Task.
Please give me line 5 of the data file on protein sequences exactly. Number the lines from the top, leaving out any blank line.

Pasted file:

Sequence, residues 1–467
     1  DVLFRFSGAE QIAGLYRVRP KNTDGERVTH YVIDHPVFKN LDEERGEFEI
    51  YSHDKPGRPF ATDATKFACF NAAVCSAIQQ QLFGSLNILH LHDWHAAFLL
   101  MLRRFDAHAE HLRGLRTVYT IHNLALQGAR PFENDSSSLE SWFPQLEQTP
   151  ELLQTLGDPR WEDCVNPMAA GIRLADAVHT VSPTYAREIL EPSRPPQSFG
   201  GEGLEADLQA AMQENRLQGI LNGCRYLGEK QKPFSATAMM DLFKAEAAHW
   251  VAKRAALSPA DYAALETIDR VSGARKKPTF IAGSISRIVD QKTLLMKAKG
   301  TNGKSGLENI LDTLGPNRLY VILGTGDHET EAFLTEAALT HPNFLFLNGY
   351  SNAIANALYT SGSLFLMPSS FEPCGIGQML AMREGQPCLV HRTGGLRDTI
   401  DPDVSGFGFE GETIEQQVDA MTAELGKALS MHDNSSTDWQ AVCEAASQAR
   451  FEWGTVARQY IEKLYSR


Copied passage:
   151  ELLQTLGDPR WEDCVNPMAA GIRLADAVHT VSPTYAREIL EPSRPPQSFG